Edinburgh landlord stripped of HMO licence but maintains Airbnb listing



An Edinburgh landlord has been stripped of his HMO licence after he caused flooding to a neighbour’s property, but he has been allowed to continue to use the property as an Airbnb.

Edinburgh City Council’s licensing sub-committee refused Mr Tahir Ali’s renewed HMO application for his flat on Clerk Street after councillors heard complaints over flooding and anti-social behaviour, all whilst building work was carried out on the property without proper permissions.

Catherine Scanlin, the council’s licensing manager, told councillors that the objection, by Graham Muir, was due to a “breakdown in the relationship with the owner of the property” and that there “seems to be a history of flooding into another property”.

Mr Muir, who runs a laundry cafe below the flat, said that as many as 11 people stayed in the flat at any one time, despite having a capacity of just five.

It was also confirmed by building standards officers that en-suite showers had been installed in the flat “without permission” after a building warrant application was refused.

Mr Muir told the Edinburgh Evening News: “The shop has been flooded on a number of occasions. The ceiling caved in and it’s now propped up with scaffolding. It’s a complete disaster. There are people coming and going all the time, there are junkies that get in. He refuses to help – he’s just not bothered. He’s not a responsible person – it’s a ghost hostel.”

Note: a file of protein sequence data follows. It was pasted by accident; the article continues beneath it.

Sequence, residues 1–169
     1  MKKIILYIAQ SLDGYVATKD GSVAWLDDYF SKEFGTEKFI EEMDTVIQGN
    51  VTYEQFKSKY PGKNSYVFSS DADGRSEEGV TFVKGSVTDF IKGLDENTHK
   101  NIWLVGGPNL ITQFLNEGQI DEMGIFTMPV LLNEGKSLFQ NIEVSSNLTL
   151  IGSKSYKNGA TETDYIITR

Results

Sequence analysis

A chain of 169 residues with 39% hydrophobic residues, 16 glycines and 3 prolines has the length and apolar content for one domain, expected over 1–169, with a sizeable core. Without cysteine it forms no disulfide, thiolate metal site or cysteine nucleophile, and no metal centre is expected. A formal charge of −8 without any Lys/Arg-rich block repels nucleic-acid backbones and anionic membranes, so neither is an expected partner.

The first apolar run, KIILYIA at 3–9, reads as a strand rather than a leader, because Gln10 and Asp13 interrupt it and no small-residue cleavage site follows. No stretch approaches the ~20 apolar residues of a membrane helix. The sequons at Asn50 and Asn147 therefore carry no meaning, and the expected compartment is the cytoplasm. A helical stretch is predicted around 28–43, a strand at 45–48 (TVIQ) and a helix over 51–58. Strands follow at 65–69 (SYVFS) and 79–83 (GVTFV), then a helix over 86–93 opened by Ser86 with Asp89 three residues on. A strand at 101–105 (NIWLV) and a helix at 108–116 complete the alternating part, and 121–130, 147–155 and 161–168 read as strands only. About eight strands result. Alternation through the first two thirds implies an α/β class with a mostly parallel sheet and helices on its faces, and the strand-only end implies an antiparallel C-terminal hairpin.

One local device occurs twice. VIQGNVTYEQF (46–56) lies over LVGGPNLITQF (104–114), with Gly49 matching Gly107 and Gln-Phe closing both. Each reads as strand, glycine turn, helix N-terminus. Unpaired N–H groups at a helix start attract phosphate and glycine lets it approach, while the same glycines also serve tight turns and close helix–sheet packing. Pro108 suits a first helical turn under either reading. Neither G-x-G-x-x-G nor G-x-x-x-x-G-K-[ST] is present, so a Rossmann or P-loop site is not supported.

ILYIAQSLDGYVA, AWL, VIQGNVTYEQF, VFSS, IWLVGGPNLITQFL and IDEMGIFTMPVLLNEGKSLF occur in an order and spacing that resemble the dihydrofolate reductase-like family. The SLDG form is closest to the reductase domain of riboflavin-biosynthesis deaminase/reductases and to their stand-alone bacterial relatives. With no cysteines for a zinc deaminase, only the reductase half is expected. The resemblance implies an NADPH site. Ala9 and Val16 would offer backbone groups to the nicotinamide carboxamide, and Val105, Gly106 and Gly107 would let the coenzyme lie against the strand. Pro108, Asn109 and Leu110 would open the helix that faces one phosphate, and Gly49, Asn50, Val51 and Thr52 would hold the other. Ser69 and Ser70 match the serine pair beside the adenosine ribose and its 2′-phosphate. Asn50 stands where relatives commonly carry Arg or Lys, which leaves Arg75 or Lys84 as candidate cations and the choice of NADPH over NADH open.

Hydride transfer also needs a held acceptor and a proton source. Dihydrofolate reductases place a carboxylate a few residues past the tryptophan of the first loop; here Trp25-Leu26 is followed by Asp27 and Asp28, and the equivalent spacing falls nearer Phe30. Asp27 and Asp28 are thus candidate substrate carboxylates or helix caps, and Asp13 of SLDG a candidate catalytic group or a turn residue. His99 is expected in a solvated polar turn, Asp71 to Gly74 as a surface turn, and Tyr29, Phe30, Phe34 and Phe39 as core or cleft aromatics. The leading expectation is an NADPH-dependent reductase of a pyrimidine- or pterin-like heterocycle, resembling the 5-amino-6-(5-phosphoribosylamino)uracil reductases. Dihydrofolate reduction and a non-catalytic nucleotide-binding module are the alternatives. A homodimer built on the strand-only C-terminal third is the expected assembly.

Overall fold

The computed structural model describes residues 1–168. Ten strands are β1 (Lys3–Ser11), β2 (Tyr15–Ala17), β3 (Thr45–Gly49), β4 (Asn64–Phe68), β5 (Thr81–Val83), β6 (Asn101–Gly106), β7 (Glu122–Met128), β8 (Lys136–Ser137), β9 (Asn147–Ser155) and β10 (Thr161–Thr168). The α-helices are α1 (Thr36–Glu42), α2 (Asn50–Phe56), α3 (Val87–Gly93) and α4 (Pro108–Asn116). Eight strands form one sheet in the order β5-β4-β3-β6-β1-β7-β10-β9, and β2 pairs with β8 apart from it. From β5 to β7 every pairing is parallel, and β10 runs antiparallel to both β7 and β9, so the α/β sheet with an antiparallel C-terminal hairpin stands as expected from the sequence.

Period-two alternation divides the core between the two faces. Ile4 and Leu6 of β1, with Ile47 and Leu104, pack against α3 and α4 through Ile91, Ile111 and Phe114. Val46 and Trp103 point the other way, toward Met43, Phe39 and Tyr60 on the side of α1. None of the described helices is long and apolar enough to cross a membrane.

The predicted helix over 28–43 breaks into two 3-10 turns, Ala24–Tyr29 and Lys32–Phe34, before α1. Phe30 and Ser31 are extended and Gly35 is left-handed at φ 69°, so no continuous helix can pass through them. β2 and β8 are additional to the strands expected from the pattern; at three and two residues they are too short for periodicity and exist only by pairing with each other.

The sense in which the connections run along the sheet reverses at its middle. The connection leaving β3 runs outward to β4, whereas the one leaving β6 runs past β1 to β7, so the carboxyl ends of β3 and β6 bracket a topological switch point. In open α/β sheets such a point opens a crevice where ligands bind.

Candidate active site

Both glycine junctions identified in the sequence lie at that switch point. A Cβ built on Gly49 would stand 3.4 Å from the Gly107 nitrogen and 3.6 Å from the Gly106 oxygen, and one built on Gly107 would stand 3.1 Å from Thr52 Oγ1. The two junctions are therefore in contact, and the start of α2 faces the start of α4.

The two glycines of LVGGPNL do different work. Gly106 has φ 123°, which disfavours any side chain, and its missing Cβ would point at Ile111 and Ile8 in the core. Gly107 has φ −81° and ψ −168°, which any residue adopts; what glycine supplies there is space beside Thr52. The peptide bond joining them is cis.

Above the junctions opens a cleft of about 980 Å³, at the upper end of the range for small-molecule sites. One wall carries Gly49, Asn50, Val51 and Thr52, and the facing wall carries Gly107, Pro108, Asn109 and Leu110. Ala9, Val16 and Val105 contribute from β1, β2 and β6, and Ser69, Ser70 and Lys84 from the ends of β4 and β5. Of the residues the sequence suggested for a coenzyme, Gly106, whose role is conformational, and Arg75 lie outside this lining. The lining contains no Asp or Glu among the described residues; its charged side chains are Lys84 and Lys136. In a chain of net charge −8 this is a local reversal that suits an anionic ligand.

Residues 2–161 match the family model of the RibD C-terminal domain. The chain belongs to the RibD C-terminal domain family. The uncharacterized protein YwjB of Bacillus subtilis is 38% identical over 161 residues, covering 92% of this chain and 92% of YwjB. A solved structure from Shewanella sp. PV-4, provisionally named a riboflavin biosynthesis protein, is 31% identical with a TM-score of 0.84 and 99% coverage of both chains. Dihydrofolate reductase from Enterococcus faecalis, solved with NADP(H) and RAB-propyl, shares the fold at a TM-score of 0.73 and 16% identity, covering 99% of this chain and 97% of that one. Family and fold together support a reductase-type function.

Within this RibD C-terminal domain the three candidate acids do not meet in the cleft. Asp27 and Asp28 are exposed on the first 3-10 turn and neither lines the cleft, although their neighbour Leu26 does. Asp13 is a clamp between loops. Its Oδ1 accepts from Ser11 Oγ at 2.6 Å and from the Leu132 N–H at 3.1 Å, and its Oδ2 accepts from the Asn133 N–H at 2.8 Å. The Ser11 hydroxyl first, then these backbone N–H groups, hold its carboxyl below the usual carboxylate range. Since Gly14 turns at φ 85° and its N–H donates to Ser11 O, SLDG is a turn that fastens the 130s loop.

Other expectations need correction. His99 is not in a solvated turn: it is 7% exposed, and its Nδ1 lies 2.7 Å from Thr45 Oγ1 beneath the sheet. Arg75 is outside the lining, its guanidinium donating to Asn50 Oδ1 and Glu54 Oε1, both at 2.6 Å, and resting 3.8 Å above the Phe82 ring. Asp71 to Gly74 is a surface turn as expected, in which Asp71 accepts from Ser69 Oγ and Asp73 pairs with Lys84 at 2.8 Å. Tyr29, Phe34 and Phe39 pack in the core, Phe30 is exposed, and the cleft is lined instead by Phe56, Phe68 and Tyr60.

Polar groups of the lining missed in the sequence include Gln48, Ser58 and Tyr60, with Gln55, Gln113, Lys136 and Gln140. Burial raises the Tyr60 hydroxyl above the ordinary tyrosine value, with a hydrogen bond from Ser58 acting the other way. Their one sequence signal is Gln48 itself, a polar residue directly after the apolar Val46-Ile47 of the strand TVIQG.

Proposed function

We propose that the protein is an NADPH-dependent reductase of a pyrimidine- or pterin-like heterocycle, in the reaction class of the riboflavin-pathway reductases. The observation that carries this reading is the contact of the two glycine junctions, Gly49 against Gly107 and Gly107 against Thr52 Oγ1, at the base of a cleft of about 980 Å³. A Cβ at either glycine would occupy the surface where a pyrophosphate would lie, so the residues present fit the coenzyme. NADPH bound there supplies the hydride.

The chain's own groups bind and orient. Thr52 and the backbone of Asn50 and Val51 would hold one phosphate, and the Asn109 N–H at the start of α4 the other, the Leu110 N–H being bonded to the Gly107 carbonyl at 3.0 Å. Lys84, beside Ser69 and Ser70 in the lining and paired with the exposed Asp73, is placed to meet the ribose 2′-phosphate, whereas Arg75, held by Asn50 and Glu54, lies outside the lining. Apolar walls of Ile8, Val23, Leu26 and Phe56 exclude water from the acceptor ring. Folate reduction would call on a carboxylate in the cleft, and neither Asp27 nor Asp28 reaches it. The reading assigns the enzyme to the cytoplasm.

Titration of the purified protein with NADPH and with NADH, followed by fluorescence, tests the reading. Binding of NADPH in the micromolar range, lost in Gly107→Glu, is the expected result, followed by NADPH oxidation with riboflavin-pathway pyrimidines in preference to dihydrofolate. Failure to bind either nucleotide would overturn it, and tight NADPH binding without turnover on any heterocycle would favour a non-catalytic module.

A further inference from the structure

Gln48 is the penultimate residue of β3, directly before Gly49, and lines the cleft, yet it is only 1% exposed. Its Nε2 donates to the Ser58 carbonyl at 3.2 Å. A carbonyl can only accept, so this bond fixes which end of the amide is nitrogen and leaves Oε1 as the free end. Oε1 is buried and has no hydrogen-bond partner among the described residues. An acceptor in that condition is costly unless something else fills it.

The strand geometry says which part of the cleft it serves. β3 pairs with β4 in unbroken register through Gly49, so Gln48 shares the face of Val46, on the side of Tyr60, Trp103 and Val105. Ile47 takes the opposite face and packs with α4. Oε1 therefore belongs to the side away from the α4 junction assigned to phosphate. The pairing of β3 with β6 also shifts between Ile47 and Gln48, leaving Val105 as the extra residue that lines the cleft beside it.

A ghost hostel or hotel is where an unsupervised property has each room let out individually without adhering to regulations required by law.

Mr Ali argued that Mr Muir “has had it in for me since day one” and insists on “sticking his nose into everybody else’s business except his own”.

Mr Ali did admit that he shouldn’t have carried out the work on his property without securing permission. He said: “Applications have been submitted. In hindsight I should have waited but because the workmen were in place, I carried on. Nothing is illegal, everything is above board.  I offered to do his ceiling up and he said he didn’t want my ‘cowboys’ going in there.”

He added: “It’s not a hostel, it’s a HMO – it always has been. The current situation is that it’s let as an Airbnb holiday let. There have never been 11 people, not to my knowledge – and I manage the premises.”

The property currently has one permanent resident, while the remainder is let out as Airbnb-style short term lets.

Licensing officials told Mr Ali that he does not need any planning permission to operate as an Airbnb.



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